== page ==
Two People, One Camera Still Works Says 'Miles and Ben'

By 06/03/2009
Two People, One Camera Still Works Says 'Miles and Ben'

newFor many web show creators their ultimate goal (whether they say it or not) has become to land a TV deal. The question is, do super low-fi shows still work on the web?

Miles and Ben, from creators (and brothers) Joshua Brandon and Steven Brandon falls into this low-fi category. It’s basically two friends sitting around talking about nothing—a genre perfected and lampooned by Seinfeld and Larry David, and then reconstituted over and over again in the world of web television. While Miles and Ben has it’s moments (Miles likes to inexplicably wear a fur coat, and has fun goals like “to see how many different animals I can fit on a fork”) but ultimately it’s hard to say what the show has to keep us watching.


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While the web has absolutely been revolutionized by indie creators, when there’s no hook, it’s easy to click off, or click over to bigger budget productions sponsored by bigger companies pouring money into online content with bigger stars, stunts, lights and action (Sony’s Angel of Death comes to mind).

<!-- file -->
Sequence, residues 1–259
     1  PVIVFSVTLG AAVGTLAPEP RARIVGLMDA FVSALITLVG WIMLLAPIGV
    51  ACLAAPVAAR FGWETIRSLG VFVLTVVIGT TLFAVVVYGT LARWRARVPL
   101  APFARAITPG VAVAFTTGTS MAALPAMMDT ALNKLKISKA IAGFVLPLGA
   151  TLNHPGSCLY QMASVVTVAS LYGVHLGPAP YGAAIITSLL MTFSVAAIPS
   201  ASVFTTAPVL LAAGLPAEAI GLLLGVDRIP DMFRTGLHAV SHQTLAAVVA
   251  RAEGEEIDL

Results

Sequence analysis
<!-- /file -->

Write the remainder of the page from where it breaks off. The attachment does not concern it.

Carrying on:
While watching Miles and Ben (starring Adam Meyer and Bryan Barter), I started to wonder how easy it is for the “two guys (or girls) and a camera” type creators to start getting lost in this ocean of content, especially as pro outlets become more prevalent and YouTube continues to threaten it’s core audience leaning towards favoring corporate sponsors and over indie creators fighting to be seen.

fernsThen I started to recall some of my favorite low-fi shows which embodied the simple lives of two people, captured by one camera creating a whole lot of funny. Joe and Kate works for it’s sheer honesty on occasionally taboo topics in a romantic relationship. Duder deftly executes the Seinfeld genre of two dudes talking about nothing by keeping things short, sweet, and occasionally getting all existential. And Zach Galifianakas (who is about to skyrocket from indie comic to Hangover-level fame) embraces and fits in the low-fi world better than anyone with his talk show send-up Between Two Ferns.

While some of the aforementioned are well-connected, others are not, and all of them are proving that one camera even simply set-up on a tripod can still create an engaging viewing experience. But a strong hook, a unique character and a boatload of talent will always help. The bottom line is the two dudes, one camera genre is flourishing, particularly when the two dudes have something to say.

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